Author: Christina Baker Kline
Publisher: William Morrow
Publish Date: April 2, 2013
Source: TLC Book Tours
Why You're Reading This Book:
- You're a historical fiction fan!
From Goodreads.com: "Nearly eighteen, Molly Ayer knows she has one last chance. Just months from "aging out" of the child welfare system, and close to being kicked out of her foster home, a community service position helping an elderly woman clean out her home is the only thing keeping her out of juvie and worse.
Vivian Daly has lived a quiet life on the coast of Maine. But in her attic, hidden in trunks, are vestiges of a turbulent past. As she helps Vivian sort through her possessions and memories, Molly discovers that she and Vivian aren't as different as they seem to be. A young Irish immigrant orphaned in New York City, Vivian was put on a train to the Midwest with hundreds of other children whose destinies would be determined by luck and chance.
The closer Molly grows to Vivian, the more she discovers parallels to her own life. A Penobscot Indian, she, too, is an outsider being raised by strangers, and she, too, has unanswered questions about the past. As her emotional barriers begin to crumble, Molly discovers that she has the power to help Vivian find answers to mysteries that have haunted her for her entire life - answers that will ultimately free them both.
Rich in detail and epic in scope, Orphan Train is a powerful novel of upheaval and resilience, of second chances, of unexpected friendship, and of the secrets we carry that keep us from finding out who we are."
My Two Cents:
"Orphan Train" is a book set in both the present day and the late 1920s, 1930s, and 1940s. Vivian traveled from NYC to Minnesota as a young girl on one of the infamous "orphan trains" that was used to get orphans out of the cities into the country where they might have a better opportunity to find families and to be able to make a good life. I've read a couple fictional accounts of what these orphan trains were like and it always amazes me that there was something like that in this country. The present day story also focuses on Vivian and her relationship with Molly, a teenager who is has been bounced around from foster home to foster home and is about the age out of the foster care system.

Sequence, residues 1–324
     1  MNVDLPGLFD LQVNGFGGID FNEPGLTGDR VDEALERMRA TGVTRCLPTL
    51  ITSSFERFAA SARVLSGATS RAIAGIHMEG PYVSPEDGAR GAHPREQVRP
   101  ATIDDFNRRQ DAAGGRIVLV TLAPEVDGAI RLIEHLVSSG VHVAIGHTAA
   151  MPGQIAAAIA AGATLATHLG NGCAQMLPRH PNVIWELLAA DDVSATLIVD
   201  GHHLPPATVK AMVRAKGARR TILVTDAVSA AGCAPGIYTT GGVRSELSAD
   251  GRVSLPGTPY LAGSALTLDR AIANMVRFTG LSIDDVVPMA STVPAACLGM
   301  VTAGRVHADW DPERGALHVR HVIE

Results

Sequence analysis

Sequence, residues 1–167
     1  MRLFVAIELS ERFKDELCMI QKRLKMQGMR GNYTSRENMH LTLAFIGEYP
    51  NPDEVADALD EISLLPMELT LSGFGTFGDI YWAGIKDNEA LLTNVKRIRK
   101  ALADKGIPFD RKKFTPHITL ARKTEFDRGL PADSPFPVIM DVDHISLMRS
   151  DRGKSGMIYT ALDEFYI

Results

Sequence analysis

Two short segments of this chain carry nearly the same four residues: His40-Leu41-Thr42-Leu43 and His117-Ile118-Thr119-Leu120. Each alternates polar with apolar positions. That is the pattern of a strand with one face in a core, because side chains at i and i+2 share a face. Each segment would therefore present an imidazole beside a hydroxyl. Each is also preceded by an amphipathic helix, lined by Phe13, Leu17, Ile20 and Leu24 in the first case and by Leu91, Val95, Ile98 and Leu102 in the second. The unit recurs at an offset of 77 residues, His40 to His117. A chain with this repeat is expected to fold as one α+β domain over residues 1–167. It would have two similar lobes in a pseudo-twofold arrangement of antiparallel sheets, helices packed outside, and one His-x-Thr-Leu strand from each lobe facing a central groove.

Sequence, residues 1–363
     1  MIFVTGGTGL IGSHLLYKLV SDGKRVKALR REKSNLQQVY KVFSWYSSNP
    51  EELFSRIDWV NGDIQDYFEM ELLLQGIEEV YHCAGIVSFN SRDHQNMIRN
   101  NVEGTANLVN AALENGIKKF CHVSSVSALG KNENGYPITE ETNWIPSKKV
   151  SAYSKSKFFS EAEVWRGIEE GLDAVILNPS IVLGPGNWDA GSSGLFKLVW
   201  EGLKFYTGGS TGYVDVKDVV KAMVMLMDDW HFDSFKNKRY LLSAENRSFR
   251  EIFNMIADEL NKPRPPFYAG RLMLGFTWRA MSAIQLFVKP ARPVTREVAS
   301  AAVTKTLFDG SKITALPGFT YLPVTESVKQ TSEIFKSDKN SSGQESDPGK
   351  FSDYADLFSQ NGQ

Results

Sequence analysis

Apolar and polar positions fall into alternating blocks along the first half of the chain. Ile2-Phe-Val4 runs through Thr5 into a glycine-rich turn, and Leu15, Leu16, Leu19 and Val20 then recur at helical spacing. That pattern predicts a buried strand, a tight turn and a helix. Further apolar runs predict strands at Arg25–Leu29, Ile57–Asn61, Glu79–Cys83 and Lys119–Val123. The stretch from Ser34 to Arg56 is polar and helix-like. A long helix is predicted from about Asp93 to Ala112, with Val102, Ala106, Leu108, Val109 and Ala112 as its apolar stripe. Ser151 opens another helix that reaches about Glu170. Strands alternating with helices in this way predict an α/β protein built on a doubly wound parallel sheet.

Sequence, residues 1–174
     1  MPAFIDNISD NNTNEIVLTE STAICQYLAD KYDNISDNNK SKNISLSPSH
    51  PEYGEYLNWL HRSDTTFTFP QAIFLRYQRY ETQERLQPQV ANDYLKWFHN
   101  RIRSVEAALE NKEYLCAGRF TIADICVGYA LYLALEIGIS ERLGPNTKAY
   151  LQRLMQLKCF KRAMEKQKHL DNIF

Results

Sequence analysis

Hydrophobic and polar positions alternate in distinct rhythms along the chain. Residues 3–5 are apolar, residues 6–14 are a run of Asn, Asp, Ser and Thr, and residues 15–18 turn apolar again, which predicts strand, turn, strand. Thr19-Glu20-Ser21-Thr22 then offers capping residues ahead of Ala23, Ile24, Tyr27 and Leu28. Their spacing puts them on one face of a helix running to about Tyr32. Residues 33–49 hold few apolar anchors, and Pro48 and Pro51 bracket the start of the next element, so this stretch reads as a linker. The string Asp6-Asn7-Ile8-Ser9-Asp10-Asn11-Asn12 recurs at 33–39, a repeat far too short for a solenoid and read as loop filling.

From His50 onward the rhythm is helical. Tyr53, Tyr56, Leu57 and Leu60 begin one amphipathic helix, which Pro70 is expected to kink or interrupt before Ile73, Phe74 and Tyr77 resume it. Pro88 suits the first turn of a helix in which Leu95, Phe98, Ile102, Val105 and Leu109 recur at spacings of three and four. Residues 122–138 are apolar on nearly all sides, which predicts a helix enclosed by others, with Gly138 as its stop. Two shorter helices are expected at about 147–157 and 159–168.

As with many stories that take place in both the past and the present, I preferred Vivian's story in the past. This book is very much a character driven book but it is much more driven by Vivian than by Molly. I loved all of the historical detail that I Kline put into the book. I also really liked the descriptions of the families that Vivian went through and the people that she met along the way. Some parts of the newer story seemed a little forced. Vivian's story also had a lot more twists and turns than Molly's story (I love being surprised by book events). The ending of the book especially seemed a little rushed. I really wanted more detail about Molly and who she was and the motivation for the things that she did in the book.
Overall, this book is a good read that will appeal to historical fiction lovers!
Don't Forget to Follow the Rest of the Tour:
Tuesday, April 2nd: Broken Teepee
Wednesday, April 3rd: A Bookish Affair
Thursday, April 4th: Bloggin’ ‘Bout Books
Monday, April 8th: Cerebral Girl in a Redneck World
Wednesday, April 10th: Peppermint PhD
Thursday, April 11th: Melody & Words
Monday, April 15th: Excellent Library
Tuesday, April 16th: The House of the Seven Tails
Wednesday, April 17th: missris
Thursday, April 18th: Kritters Ramblings
Monday, April 22nd: Tiffany’s Bookshelf
Tuesday, April 23rd: Book Chatter